Bracing & Sizing
Best Practices: Decks - Bracing & Sizing
As a Northern Utah Home Inspector, I find that the biggest difference between decks built 15 years ago and decks built today is the need for additional bracing. This added feature creates such a stronger and safer deck, that it is important to follow the codes and best practices. This is another segment in a series provided by the Journal of Light Construction trade magazine, and while all of the information presented isn’t mandated by the building codes, several of the specifics greatly exceed the code and this is why they are deemed “Best Practices”. If you are going to build a deck, or have one built, then I highly recommend that you take the safer “Best Practices” approach. It may cost more on the initial investment of the build, but the “Best Practices” detailing will provide years of trouble free peace of mind while you enjoy time on your deck.
Journal of Light Construction (JLC) - Bracing & Sizing
While the fasteners in a ledger-rim joist connection made according to IRC specs should be adequate to resist shear forces, lateral forces may still pull the ledger and rim board away from the house. The best practice, suggested by the 2012 IRC (Figure R507.2.3), is to use hold-down tension hardware in at least two locations to tie deck joists to floor joists of the primary structure. The illustrations show suggested methods for bracing ledgers when the deck joists run either parallel to or perpendicular to solid-sawn or wood I-joist floor framing.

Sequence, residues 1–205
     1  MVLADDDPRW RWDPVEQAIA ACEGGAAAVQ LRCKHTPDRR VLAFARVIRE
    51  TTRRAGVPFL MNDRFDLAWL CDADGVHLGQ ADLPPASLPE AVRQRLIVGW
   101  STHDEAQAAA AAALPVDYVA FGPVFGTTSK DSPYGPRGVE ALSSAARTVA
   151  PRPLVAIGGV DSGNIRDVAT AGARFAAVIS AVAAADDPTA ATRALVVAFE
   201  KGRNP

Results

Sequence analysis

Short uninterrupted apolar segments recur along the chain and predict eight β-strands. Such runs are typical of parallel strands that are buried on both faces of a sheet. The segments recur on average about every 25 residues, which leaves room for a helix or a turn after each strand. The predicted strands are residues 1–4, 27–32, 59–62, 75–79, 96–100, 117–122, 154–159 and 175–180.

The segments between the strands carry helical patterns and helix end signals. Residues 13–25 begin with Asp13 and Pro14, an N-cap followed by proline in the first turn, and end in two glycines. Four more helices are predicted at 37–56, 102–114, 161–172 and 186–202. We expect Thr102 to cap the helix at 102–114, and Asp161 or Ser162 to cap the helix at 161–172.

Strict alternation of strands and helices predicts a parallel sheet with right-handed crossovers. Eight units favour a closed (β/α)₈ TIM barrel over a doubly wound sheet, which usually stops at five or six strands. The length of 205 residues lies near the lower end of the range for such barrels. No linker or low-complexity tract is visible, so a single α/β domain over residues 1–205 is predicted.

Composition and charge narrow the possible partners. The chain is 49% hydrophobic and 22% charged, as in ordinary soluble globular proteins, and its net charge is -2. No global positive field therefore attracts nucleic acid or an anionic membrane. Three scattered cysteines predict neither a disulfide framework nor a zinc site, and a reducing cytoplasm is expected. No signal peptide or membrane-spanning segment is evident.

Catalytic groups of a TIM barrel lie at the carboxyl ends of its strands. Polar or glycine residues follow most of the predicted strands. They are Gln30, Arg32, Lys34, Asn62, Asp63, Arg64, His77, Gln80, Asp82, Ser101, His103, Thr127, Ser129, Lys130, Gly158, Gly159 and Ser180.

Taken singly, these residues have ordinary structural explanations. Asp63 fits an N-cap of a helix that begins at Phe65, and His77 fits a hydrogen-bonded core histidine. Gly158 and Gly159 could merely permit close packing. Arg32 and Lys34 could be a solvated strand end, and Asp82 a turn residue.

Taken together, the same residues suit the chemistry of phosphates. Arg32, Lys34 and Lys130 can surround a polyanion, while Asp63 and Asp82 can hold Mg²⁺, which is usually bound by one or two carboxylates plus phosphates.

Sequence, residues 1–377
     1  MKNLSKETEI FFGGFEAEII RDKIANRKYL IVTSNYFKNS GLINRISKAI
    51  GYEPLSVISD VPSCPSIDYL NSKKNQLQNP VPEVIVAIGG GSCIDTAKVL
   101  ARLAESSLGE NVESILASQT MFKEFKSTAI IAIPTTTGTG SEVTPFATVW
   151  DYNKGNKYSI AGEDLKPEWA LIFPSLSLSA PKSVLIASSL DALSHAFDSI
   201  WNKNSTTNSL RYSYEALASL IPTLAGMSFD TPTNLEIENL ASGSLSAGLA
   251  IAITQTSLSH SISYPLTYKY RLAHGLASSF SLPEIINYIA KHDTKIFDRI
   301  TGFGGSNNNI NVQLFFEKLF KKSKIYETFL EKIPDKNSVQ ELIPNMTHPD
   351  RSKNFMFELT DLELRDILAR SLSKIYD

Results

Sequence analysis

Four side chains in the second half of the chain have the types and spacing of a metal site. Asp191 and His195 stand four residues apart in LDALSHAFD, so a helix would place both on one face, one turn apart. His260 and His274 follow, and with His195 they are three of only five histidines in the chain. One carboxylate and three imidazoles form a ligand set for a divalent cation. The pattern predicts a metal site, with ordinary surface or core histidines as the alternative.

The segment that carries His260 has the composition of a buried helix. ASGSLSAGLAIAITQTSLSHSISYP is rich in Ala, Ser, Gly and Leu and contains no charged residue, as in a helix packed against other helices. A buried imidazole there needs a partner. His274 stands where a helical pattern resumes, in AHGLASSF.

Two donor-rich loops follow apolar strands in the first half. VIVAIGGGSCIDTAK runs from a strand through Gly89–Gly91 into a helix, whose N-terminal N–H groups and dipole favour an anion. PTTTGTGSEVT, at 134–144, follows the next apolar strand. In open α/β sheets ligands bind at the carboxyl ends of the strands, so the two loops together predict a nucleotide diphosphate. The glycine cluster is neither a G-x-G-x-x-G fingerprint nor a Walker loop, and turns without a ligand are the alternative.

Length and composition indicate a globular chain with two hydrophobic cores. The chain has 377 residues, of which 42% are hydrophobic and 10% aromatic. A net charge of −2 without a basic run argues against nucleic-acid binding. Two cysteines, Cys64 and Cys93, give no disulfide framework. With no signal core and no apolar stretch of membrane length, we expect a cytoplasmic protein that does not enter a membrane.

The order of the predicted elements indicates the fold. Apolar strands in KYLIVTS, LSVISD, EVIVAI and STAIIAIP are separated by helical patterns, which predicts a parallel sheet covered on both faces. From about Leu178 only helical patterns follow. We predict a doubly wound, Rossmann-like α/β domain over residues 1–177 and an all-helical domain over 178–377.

Sizing Posts, Beams, & Joists
Here are some rules of thumb for sizing framing members for simple deck designs. To size framing for complex designs, or decks with long spans or multiple stories, consult your building department or an engineer.
Sizing deck posts. Most decks that are 8 feet or less above grade with beam spans of 10 feet or less can be built safely with 4x4 posts, but the American Wood Council (AWC) recommends using 6x6 posts in all cases for decks up to 12 feet off the ground, primarily because they are better able to resist bowing.
The material and size for structural posts for decks taller than 12 feet, or that support multistory decks, should be determined by a professional engineer. Posts taller than 12 feet may also require lateral bracing to resist bowing.
Beam and joist sizes and spans. The Prescriptive Residential Wood Deck Construction Guide (free download with registration at awc.org), published by the American Forest & Paper Association, offers useful span tables for the wood species typically used for deck beams and joists.
The tables excerpted above show changes made as of June 1, 2013, to reflect new design values for visually graded southern pine. (Old design values are grayed-out/struck-through and shown above new values.) The full tables also show values for Douglas fir-larch, hem-fir, SPF, redwood, western cedars, ponderosa pine, and red pine, for joist sizes 2x8 through 2x12, and beam sizes 3x6 through 3x12 (or 2-2x6 through 2-2x12), 4x6 through 4x12, and 3-2x6 through 3-2x12.
Michael Chotiner is a contributing editor to JLC.
FOR MORE LATERAL LOAD INFORMATION:
- See the Simpson Strong-Tie LATERAL LOAD TECHNICAL BULLETIN
- See also Professional Deck Builder's article LATERAL LOAD CONNECTIONS